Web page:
The PCB Manufacturing Files Used for Circuit Board Fabrication
The first thing your contract manufacturer(CM) will do in manufacturing your PCB is send design data to the PCB fabricator. These files will be used for creating the different layers and images of the bare circuit board, as well as drilling the holes and routing around its exterior. The fabricator will first start with the files needed to make the images for the different board layers. Traditionally, these were Gerber formatted files that drove image creation through a photoplotter onto the film used for PCB fabrication. Now, however, a new file format known as IPC-2581 is beginning to replace the older manufacturing file formats, including Gerber.
IPC-2581 is not simply a Gerber file replacement, but rather an entire database with all the manufacturing data needed for fabrication, assembly, and testing. This new file format contains the image information (Gerber), the drill information (NC drill), American Standard Code for Information Interchange (ASCII) netlist data for testing, and much more. The benefit of IPC-2581 is that the PCB designer no longer needs to generate multiple separate files, but can instead simply output the design job as an IPC-2581 formatted file and submit that to the CM.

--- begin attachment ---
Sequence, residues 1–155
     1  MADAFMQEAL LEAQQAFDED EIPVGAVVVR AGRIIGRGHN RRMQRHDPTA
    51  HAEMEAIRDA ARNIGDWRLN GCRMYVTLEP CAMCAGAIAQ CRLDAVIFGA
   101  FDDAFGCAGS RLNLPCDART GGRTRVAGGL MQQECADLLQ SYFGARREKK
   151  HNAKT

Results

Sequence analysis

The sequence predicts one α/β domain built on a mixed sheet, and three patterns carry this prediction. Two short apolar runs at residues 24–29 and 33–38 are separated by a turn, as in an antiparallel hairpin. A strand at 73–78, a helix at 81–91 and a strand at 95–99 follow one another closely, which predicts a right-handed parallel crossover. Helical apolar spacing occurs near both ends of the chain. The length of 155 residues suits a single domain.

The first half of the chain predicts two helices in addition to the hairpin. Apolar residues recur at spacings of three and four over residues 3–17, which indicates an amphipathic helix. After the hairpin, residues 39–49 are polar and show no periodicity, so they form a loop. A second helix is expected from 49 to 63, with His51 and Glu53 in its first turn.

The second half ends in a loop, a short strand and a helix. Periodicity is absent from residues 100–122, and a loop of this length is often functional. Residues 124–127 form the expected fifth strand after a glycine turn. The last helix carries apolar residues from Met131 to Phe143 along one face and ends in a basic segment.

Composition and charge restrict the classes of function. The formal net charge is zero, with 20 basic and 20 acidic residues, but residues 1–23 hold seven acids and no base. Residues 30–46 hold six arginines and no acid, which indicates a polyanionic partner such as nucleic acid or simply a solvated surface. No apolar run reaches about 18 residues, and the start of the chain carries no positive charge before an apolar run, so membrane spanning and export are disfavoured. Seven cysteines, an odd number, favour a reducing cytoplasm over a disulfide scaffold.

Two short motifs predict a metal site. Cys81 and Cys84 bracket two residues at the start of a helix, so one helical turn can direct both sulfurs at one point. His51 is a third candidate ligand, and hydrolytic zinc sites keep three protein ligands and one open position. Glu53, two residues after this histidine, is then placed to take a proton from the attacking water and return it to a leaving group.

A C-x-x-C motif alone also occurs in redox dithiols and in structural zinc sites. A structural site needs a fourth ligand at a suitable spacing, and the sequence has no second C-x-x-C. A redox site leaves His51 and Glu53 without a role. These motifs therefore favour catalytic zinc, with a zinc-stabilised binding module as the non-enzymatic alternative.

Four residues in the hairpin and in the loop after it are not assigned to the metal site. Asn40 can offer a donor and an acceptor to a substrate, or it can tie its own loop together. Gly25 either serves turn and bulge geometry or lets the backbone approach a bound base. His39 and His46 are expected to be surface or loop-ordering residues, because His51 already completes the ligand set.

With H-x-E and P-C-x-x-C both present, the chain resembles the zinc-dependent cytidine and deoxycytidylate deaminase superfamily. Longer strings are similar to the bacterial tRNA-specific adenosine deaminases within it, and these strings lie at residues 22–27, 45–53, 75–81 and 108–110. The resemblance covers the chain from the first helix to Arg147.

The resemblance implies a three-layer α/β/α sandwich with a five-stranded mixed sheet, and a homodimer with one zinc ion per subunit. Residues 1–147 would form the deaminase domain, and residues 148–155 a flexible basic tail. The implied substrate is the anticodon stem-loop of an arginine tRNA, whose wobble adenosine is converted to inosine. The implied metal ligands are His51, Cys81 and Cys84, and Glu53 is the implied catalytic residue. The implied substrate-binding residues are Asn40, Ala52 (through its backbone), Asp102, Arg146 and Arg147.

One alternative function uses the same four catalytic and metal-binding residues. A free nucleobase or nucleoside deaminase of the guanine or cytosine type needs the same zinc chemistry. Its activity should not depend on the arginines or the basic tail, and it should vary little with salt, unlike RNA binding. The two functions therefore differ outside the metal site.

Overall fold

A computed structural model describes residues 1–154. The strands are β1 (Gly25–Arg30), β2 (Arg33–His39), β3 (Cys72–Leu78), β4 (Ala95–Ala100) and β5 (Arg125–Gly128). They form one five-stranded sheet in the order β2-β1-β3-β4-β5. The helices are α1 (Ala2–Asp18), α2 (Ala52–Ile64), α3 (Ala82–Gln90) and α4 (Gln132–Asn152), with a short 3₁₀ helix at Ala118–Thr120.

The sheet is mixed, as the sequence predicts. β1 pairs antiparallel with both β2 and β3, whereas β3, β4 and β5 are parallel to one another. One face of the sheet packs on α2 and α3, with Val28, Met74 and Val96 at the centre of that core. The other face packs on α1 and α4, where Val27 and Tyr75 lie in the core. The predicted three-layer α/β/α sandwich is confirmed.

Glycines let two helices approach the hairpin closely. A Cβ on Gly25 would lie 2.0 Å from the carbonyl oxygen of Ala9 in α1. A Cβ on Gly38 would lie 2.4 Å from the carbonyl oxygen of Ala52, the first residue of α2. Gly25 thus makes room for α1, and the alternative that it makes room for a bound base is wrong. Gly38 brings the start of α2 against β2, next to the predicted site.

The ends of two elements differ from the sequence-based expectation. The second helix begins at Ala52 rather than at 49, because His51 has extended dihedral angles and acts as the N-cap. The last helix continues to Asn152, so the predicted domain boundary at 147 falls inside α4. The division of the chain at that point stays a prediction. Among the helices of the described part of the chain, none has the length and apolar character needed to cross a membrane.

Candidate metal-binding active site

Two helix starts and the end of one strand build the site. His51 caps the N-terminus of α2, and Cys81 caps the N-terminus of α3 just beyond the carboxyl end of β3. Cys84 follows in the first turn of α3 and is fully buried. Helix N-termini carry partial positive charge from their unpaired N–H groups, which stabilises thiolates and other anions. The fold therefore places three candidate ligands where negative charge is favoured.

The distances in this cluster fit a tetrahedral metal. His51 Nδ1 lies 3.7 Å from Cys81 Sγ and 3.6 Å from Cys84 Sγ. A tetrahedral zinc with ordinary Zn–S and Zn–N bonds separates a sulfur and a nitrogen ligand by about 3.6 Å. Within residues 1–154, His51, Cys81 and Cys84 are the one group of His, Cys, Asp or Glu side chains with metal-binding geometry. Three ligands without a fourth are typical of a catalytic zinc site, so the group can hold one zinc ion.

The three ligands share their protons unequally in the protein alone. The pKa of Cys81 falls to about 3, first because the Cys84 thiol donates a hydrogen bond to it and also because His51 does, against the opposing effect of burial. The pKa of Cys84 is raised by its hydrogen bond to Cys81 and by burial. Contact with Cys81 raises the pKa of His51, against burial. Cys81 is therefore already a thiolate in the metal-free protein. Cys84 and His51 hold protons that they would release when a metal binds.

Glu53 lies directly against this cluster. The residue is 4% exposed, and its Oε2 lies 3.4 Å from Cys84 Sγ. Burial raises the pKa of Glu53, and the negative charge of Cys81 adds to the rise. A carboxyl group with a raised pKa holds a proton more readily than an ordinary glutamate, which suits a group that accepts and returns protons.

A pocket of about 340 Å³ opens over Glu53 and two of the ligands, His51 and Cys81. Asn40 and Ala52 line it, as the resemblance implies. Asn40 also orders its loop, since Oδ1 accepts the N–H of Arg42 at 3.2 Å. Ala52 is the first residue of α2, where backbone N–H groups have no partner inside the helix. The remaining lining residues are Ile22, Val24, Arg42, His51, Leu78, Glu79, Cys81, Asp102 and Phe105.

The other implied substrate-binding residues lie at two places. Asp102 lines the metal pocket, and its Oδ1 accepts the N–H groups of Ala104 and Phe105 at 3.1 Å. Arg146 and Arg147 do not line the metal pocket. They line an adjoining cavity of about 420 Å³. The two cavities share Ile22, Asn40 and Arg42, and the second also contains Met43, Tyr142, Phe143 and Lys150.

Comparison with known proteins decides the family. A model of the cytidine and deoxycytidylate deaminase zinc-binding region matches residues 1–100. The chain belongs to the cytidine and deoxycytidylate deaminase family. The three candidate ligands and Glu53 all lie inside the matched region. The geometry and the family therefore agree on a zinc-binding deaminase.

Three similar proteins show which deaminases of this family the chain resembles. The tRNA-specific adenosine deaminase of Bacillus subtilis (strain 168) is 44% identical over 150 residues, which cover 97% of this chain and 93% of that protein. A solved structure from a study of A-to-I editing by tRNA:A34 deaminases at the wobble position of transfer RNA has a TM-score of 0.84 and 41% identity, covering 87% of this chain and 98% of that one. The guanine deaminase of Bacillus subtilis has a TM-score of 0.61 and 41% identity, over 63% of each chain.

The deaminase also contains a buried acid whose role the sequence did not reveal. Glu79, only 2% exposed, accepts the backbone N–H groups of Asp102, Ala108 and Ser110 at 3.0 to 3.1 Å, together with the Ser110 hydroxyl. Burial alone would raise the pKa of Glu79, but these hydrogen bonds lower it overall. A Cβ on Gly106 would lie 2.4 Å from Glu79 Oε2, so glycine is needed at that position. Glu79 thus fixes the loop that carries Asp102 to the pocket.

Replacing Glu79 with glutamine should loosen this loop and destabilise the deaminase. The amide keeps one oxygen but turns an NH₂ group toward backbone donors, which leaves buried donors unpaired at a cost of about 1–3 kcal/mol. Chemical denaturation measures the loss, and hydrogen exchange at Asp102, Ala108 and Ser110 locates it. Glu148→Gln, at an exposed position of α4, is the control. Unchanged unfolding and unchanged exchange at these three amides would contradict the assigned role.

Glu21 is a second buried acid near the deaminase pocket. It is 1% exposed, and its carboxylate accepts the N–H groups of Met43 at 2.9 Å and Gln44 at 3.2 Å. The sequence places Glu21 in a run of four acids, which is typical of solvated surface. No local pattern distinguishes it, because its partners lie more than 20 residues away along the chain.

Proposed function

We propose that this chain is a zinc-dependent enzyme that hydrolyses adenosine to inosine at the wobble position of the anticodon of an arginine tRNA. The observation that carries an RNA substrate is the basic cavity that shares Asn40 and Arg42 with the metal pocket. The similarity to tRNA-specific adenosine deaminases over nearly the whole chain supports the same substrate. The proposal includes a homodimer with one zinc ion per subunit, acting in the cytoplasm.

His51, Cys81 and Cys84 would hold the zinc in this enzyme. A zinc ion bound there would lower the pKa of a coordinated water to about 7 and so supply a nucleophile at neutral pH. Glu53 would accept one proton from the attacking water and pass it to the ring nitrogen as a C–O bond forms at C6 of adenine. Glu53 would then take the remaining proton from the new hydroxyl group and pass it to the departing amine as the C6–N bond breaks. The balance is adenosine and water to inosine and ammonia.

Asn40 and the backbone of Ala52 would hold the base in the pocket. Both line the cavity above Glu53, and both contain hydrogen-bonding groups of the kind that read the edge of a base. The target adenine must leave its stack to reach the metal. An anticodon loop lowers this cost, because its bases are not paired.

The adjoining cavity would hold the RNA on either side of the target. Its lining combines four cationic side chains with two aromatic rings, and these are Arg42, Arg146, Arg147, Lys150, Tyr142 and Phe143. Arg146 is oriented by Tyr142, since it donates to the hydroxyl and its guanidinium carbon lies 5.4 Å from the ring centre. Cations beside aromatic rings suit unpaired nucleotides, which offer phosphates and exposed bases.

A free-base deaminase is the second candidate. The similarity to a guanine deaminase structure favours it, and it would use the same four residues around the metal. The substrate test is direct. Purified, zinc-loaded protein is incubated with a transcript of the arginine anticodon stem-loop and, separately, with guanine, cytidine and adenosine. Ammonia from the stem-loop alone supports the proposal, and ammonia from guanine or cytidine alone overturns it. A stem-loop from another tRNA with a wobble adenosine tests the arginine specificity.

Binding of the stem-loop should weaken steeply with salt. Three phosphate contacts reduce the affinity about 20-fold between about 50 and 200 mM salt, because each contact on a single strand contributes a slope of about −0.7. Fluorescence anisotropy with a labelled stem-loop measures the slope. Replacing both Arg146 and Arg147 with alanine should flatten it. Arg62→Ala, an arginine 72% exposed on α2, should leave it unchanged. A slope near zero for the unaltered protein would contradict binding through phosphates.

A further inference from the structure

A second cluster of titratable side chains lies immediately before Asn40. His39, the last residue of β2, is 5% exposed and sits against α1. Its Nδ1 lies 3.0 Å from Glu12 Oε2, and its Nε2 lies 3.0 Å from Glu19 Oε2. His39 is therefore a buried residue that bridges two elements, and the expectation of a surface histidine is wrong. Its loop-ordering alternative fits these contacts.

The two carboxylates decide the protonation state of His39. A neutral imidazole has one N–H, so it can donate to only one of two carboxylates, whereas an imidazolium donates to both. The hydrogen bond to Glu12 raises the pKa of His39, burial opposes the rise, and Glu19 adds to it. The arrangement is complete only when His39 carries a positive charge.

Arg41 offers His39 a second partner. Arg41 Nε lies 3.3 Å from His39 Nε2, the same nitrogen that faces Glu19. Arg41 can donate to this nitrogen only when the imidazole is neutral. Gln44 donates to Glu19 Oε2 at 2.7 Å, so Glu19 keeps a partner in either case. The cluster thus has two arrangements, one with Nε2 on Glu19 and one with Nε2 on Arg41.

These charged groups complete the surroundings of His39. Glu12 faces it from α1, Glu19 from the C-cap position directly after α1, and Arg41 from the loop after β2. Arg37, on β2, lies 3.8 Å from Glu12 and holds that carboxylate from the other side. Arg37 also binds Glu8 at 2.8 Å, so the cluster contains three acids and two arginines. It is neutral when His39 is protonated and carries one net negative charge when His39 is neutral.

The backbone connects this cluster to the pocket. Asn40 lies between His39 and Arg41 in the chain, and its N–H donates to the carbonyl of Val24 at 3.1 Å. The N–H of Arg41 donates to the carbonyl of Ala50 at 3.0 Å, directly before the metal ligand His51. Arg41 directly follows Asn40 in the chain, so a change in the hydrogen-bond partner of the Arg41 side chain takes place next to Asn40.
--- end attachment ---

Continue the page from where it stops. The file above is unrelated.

Along with creating all of the necessary layer images and laminating the board together, the fabricator will also work on drilling the holes in the board. This information would normally come from an Excellon formatted NC drill file, but is now also contained within the main IPC-2581 data file. Another important part of the data that is also in the IPC-2581 file is a netlist. The netlist allows the fabricator to conduct bare board testing to make sure that their fabrication process hasn’t introduced any unintended shorts.
The fabricator will also use the fabrication drawing that you created for additional information. The fab drawing should have complete dimensions, the locations of unique board features such as slots and holes, and layer stackup information. It is also common to include readme files with the information sent to the PCB fabricator for more specific details on the board, and this information can now also be included with the IPC-2581 file.
Once the fabrication of the board is complete, it will be sent back to the CM for assembly.
If you want more information on PCB manufacturing files or how they’re used during fabrication, contact us!
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